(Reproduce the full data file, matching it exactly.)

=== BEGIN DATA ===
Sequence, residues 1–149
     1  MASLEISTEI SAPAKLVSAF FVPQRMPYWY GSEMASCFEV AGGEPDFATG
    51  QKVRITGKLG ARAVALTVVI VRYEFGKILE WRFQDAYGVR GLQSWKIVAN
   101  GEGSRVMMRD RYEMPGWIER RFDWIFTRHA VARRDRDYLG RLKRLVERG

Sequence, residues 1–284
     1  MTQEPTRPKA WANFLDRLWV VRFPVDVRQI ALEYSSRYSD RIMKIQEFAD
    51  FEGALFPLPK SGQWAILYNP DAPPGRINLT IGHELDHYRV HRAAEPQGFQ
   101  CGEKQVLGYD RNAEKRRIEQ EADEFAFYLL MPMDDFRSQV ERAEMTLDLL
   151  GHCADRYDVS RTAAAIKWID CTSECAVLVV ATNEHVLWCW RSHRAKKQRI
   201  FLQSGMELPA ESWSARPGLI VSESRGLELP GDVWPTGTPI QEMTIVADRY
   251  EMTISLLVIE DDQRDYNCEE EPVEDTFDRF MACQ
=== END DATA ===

Sequence, residues 1–149
     1  MASLEISTEI SAPAKLVSAF FVPQRMPYWY GSEMASCFEV AGGEPDFATG
    51  QKVRITGKLG ARAVALTVVI VRYEFGKILE WRFQDAYGVR GLQSWKIVAN
   101  GEGSRVMMRD RYEMPGWIER RFDWIFTRHA VARRDRDYLG RLKRLVERG

Sequence, residues 1–284
     1  MTQEPTRPKA WANFLDRLWV VRFPVDVRQI ALEYSSRYSD RIMKIQEFAD
    51  FEGALFPLPK SGQWAILYNP DAPPGRINLT IGHELDHYRV HRAAEPQGFQ
   101  CGEKQVLGYD RNAEKRRIEQ EADEFAFYLL MPMDDFRSQV ERAEMTLDLL
   151  GHCADRYDVS RTAAAIKWID CTSECAVLVV ATNEHVLWCW RSHRAKKQRI
   201  FLQSGMELPA ESWSARPGLI VSESRGLELP GDVWPTGTPI QEMTIVADRY
   251  EMTISLLVIE DDQRDYNCEE EPVEDTFDRF MACQ